Part of an old map of the San Jacinto area from the Texas Revolution

Veteran Bio

Texian Location:  Participant

The Kemp Sketch

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WOODLIEF, DEVERAUX JEROME--Born in Virginia in 1806. He came to Texas from Louisiana in 1835. On May 3, 1838 he had received a Headright Certificate for one-third of a league from the Washington County Board.

On the official rolls printed in a booklet in 1836 Woodlief is shown as holding the rank of Major at San Jacinto, but serving as a private in Comptroller's Military Service Record No. 4238 it is certified that he enlisted in Captain Henry M. Karnes' Company March 13 and was discharged May 14, 1836. He was commissioned Lieutenant Colonel August 13 and resigned December 31, 1836. He was issued Bounty Certificate No. 882 for 1280 acres of land June 21, 1847 for having served in the army from March 13 to December 13, 1836. On November 27, 1838, he received Donation Certificate No. 639 for 640 acres of land for "having been wounded in the Battle of San Jacinto". He was wounded in the skirmish on April 20th. Colonel Woodlief presented a bill for $12.25 September 16, 1837, for his proportion of the money taken at the Battle of San Jacinto, which he had never received. From this amount he deducted $6.50 for a pair of armas de pila purchased by him of the spoils taken at the battle and for which he had never paid. This left $7.75 due him from the Government.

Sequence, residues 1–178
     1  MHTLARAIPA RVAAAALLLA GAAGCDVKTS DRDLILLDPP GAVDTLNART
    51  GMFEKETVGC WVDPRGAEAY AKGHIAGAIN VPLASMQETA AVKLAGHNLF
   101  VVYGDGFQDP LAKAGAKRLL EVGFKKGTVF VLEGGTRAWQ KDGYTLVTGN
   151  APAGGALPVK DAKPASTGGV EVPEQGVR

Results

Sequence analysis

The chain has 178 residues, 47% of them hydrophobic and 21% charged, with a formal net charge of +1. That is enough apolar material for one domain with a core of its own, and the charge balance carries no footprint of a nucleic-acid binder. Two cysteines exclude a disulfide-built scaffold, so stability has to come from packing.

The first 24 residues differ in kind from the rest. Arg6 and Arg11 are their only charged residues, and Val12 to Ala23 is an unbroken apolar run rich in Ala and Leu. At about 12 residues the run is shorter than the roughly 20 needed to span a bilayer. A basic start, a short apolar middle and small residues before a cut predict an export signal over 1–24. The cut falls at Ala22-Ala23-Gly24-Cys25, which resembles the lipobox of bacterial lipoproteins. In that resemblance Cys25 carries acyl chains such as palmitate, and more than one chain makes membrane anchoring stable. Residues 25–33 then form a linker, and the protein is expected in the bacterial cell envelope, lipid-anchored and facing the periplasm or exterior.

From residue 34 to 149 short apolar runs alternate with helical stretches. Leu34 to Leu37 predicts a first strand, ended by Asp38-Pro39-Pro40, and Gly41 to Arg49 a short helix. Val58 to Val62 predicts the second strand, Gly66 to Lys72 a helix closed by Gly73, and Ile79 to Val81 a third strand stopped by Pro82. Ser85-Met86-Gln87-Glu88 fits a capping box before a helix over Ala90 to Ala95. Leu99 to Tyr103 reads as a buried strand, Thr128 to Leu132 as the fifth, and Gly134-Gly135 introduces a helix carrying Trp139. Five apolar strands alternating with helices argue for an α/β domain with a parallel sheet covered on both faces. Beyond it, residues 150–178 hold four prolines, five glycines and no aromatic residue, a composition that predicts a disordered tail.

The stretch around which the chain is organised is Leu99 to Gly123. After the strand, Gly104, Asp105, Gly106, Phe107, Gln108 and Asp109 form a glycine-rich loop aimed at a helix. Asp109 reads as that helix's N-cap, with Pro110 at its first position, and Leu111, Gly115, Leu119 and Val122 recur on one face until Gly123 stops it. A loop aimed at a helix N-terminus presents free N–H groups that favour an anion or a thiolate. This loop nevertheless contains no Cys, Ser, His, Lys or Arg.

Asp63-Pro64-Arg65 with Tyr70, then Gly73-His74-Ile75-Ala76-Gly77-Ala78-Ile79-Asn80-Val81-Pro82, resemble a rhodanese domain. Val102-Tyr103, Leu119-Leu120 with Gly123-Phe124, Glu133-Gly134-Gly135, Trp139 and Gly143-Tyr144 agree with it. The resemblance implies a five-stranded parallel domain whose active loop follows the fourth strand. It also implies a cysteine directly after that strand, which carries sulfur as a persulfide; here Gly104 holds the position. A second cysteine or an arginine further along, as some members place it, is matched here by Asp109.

Colonel Woodlief was in command of the forces at Velasco after the Battle of San Jacinto. There on June 13, 1836 he ordered Captain William H. Patton to remove Santa Anna from Velasco to Columbia. He participated in the battle against the Cherokees July 16, 1839 in which Chief Bowles was killed.

The marriage records of Brazoria County show that Woodlief and Harriet Reynolds were married by bond January 7, 1836. Miss Reynolds was the daughter of Allen and Mary Reynolds. Mrs. Woodlief died in Washington County in 1846, survived by her husband and two children - Thomas Jr., born in 1837, and Harriet M. Woodlief, born in 1843. Colonel Woodlief moved to California before 1850. He is listed as a resident of that state in the census of 1850. At one time he served as judge for San Joaquin County. He married again but the name of his wife is not of record. Colonel Woodlief was killed in a duel ten miles from California, November, 1854 and was buried in the old Yerba Buena in San Francisco. The San Francisco Alta of November 9, 1854 gave an account of the duel and the events leading up to it: FATAL DUEL "Again does it fall to our lot to chronicle one of these unhappy events-too frequent in this State, which has cast a dark shadow over least one hearth, and left one heart desolate.